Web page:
Feudalism was a decentralized organization that arose when central authority did not perform its functions and when it could not prevent the rise of local powers. Rome crumbled.
With the decline of Rome, the loss of her institutions of control failed also. Land became the engine of the age and the human vassal was the tool that maintained it.
The advantages and disadvantages of feudalism can only be explored by recognizing the different viewpoints of those involved. The greatest strength was in protection. The landholding class of nobles offered protection to those that served them.
Within this institution of aristocracy, social stratification adapted to a moneyless economy. Civil and military power at the local level created semi-independent local governments that defended against bandit and brigands. This eventually evolved into highly diverse forms of customs based on servitude and heredity. The wealthy gained more land as those seeking protection established relationships with them by giving their oaths of life. Land was equal to power and a noble was equal to safety.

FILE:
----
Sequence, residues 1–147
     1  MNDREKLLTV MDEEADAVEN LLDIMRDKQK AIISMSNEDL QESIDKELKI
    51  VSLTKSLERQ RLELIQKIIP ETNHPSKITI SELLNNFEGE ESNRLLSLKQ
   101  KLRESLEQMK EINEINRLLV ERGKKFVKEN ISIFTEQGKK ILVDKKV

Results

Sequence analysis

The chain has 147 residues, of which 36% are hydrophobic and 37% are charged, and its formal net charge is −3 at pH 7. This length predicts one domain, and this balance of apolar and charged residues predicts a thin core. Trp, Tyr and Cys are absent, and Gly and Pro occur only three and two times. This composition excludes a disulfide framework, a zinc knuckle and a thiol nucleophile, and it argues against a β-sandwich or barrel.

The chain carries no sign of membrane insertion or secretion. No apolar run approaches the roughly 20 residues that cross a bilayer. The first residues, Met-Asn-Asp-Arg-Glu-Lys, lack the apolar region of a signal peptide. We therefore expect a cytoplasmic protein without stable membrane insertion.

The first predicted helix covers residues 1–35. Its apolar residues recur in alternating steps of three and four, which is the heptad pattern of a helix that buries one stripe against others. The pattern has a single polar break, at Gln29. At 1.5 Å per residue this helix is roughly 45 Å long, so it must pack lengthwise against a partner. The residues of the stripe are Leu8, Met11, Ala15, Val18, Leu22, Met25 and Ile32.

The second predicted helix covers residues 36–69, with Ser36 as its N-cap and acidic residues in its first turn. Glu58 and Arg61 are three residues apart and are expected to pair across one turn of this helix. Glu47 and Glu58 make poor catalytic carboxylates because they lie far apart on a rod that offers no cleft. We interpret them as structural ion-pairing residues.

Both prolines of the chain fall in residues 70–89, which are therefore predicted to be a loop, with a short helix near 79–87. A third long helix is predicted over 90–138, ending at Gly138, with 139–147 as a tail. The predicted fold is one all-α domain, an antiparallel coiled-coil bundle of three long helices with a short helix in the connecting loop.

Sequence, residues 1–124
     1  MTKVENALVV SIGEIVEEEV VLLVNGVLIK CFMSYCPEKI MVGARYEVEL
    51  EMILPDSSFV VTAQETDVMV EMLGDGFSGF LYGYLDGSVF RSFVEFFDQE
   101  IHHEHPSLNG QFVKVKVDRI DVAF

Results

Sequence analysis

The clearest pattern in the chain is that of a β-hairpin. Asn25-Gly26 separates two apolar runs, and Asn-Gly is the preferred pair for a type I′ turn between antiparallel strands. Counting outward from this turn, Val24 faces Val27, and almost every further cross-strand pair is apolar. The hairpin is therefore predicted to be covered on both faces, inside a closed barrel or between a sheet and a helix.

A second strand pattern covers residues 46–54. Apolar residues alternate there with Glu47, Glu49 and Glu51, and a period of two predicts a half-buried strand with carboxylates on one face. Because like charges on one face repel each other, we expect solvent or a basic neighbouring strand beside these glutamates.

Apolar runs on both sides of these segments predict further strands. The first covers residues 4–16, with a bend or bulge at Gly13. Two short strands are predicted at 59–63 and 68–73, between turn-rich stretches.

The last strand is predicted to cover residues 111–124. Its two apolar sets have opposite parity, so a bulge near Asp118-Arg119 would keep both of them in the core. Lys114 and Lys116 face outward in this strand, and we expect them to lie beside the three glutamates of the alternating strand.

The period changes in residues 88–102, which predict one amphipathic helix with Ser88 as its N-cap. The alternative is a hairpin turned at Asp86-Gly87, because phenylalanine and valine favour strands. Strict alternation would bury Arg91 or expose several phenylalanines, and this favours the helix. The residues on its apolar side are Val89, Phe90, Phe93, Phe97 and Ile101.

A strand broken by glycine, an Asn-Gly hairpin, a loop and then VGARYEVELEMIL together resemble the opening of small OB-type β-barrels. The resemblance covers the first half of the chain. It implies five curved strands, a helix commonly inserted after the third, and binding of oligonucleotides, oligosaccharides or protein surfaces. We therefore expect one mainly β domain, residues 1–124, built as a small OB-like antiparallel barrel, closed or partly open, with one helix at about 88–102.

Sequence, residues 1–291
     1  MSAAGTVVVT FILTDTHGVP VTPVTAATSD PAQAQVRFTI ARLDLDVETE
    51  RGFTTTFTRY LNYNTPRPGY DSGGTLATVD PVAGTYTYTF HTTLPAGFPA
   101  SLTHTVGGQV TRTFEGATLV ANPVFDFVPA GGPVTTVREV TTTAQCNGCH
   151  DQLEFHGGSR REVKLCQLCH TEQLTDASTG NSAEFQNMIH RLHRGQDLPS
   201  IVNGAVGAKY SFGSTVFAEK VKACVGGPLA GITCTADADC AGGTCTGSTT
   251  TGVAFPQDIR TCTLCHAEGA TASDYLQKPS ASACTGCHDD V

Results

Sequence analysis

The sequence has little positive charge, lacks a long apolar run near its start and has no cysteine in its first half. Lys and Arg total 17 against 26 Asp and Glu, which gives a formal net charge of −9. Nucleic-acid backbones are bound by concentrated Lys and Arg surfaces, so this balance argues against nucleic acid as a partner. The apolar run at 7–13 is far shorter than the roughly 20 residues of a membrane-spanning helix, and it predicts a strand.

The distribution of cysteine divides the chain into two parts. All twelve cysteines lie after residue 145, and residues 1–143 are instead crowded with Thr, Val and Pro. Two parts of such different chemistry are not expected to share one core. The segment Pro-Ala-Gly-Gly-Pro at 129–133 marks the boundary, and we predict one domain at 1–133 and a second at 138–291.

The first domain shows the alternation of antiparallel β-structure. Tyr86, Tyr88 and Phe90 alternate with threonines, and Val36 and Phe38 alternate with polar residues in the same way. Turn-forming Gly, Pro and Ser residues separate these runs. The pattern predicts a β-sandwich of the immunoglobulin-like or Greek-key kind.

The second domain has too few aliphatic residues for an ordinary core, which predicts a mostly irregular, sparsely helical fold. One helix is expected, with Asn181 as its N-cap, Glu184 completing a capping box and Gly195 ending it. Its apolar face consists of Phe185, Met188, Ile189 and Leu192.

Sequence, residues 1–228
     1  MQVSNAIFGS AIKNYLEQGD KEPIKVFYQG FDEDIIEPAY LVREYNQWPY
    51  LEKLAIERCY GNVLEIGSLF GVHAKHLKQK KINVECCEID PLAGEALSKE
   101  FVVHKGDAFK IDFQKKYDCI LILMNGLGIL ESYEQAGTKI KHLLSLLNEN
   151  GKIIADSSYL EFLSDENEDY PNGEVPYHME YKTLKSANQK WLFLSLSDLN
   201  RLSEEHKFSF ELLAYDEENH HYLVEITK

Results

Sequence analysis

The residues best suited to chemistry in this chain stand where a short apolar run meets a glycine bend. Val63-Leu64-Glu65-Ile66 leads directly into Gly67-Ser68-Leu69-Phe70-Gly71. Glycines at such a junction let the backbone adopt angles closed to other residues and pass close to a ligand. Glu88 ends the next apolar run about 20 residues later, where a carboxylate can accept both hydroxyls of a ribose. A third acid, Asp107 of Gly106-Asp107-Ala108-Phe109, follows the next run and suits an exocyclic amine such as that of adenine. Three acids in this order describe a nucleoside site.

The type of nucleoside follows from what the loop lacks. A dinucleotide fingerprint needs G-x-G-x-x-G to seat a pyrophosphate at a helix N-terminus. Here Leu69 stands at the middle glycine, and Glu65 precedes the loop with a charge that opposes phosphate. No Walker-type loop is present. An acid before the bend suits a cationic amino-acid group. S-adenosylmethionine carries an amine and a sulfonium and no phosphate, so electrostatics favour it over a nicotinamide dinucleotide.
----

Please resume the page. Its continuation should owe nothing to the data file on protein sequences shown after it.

The land would not be one.
The sweet taste of power is one that was not given up easily. Landowners (Nobles) developed military forces and their own sub-cultures within the boundaries of their lands. The nation displayed the same failures as the Greek world.
A broken land has a broken people. A broken government has a broken rule. This division caused the quick growth and decline of feudalism. This created the emphasis on contractual agreements and the deliverance on authority to an expanded group of individuals. The ruling of the land by one individual would be even more difficult now that others have tasted some of the same fruit.